You’ll spend most of your time looking at the display more than anything else but what are smartphone display panels made of?
As with any technology, smartphone display panels are a mega business on their own. Japanese component and notebook giant Toshiba has had to brush aside rumours that Apple was planning to invest in a new production line built by Toshiba Mobile Display, such is the demand of high-quality, high-resolution display panels.
But when you start looking at the specs of smartphone displays, it can get very confusing very quickly. You might think you’re just looking at a bunch of pixels but how those pixels are created can affect everything from the price of your phone to how long the battery lasts.
The type of display your smartphone has is typically described by an alphabet soup – LTPS, AMOLED, SLCD, Super AMOLED and TFT LCD all represent different technologies used in the production of display panels. Knowing what each type does, its benefits and drawbacks will help you understand just how good (or not) your phone is.
LTPS – Low-temperature polycrystalline silicon
If you see these written as a display type, forget it – LTPS is a description of a manufacturing process, not a display technology. Low-temperature polycrystalline silicon can be used to make different types of screens – AMOLED as well as standard LCDs. It’s a way of creating tiny silicon crystals that go into making the pixels of a display. The “low temperature” part is important because it means this process can create screens using low temperatures, allowing low-cost substances such as plastics to be used as the backing material on which the display panel is infused or created. As a result, it also means you can create more flexible display panels.
AMOLED – Active-matrix organic light-emitting diode
Okay, this is a type of screen technology. OLEDs or organic light-emitting diodes have been around for a while now and they have one significant benefit: to produce black, you simply turn an OLED off. To produce a light colour, they have to produce light. So they have huge potential for power savings in mobile devices.
The “Active matrix” describes how each OLED is addressed or controlled. The alternative is a passive matrix display where rows or columns of OLEDs are addressed rather than individual pixels. As a result, AMOLED displays are not only brighter, use less power, they’re also faster.
The problem is that AMOLED panels are in high demand, with that demand exceeding supply.
The other issue with AMOLEDs is that because of the fabrication process, they can be difficult to see if viewed in direct sunlight. AMOLED panels are typically three layers, the AMOLEDs, the touch-panel sensor layer made of glass and then the top glass protective surface with air in between each layer. The diffusion of light through all three layers causes the AMOLED light to be diffused and difficult to see.
AMOLED panels are used in a number of phones including Google’s Nexus One and early versions of the HTC Desire.
So Korean giant Samsung decided to come up with a different method that combined the top glass layer and the touch-panel glass layer into one.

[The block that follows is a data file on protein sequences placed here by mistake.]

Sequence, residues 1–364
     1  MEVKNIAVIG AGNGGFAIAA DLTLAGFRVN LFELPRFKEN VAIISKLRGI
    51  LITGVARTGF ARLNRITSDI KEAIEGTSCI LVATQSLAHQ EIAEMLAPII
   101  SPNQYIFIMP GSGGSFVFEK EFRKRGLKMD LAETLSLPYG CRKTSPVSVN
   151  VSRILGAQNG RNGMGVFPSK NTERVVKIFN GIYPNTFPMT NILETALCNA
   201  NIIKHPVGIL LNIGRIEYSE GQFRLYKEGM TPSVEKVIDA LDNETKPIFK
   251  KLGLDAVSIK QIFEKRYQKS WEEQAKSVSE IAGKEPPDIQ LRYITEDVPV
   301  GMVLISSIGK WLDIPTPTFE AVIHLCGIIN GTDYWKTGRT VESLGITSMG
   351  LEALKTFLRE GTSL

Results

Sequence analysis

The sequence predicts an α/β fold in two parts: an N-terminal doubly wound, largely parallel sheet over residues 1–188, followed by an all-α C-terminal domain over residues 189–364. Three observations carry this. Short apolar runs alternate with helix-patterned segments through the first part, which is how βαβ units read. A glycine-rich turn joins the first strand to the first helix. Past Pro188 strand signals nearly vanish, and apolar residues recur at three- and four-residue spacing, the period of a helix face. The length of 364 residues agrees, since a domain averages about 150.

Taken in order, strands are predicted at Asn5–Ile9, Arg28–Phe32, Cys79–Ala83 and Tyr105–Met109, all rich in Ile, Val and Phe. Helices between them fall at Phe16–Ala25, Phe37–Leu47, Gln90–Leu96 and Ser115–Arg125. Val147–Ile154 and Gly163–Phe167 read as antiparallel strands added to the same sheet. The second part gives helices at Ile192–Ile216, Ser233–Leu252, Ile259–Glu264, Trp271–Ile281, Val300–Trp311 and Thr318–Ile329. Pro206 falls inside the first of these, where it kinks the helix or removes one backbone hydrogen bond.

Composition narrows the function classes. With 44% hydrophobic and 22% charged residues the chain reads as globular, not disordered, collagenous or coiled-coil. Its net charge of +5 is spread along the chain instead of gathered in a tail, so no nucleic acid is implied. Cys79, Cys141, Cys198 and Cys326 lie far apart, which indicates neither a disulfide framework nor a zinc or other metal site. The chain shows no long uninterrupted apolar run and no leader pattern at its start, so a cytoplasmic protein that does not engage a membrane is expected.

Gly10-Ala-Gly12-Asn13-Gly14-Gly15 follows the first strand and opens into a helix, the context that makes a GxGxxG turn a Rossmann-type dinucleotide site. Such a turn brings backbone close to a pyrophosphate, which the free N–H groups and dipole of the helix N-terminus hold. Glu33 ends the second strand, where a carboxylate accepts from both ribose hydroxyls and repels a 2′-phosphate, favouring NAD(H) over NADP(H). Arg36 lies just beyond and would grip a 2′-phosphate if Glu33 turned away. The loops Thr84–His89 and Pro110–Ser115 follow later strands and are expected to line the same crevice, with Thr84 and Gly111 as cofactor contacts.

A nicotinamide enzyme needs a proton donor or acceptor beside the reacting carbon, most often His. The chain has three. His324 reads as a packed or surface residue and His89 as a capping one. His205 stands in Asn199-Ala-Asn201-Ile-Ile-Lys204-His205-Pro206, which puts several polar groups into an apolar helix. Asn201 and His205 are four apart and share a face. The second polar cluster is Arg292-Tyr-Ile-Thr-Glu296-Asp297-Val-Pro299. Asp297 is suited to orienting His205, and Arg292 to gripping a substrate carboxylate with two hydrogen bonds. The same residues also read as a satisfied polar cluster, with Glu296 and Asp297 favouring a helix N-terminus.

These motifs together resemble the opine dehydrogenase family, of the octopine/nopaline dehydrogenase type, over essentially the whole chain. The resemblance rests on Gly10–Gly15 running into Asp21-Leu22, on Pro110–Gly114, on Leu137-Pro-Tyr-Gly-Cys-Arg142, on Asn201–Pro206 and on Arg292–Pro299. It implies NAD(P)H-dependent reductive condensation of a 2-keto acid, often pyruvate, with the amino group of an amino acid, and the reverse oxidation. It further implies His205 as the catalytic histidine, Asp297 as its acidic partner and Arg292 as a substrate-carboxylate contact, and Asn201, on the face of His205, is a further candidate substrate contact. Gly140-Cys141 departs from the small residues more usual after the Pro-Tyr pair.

This promotional video gives you a brief overview of Samsung’s Super AMOLED technology.
By reducing the number of layers and removing one air gap, light dispersal is reduced, making these AMOLED displays easier to see in bright light.
Samsung uses the Super AMOLED panel in its Galaxy S phone and is expected to use it inside the upcoming Nexus S.
SLCD – Super liquid-crystal display
LCD has been the mainstay for display panels from PDAs to notebooks to TVs over the last 15 years or so. What makes Super LCD so super is said to be improved light bleeding so that blacks actually look a bit more like black than they typically used to, giving better overall contrast. In comparisions with AMOLED, some reviews suggest that SLCD gives warmer colours than AMOLED. However, battery life appears to be worse with SLCD displays.
SLCD shouldn’t be confused with S-LCD, which is the name for the Samsung/Sony joint venture for manufacturing LCD panels.
Smartphone maker HTC began using SLCD panels in its Desire smartphones in August 2010 due to shortages in AMOLED panels from Samsung. If you have an early Desire, it’ll more likely have an AMOLED panel whereas those manufactured after August 2010 will have an SLCD panel instead.
IPS – In-plane switching
Apart from poor contrast ratios, the other issue with LCD panels is poor viewing angles. The further you move of the centre axis of an LCD panel, the worse the image becomes until you begin to see the reflected negative of that display. In-plane switching is a more expensive solution to the viewing angle problem by changing the direction in which the liquid crystal molecules move. So instead of the normal right-angle or perpendicular switching, IPS panels switch molecules in the same plane as the panel. It means light transmitted through the molecules can be seen at (almost) any angle.
IPS technology is most often used in LCD monitors – and usually at prices three times the going rate. It’s the technology behind Apple’s Retina display in the iPhone 4.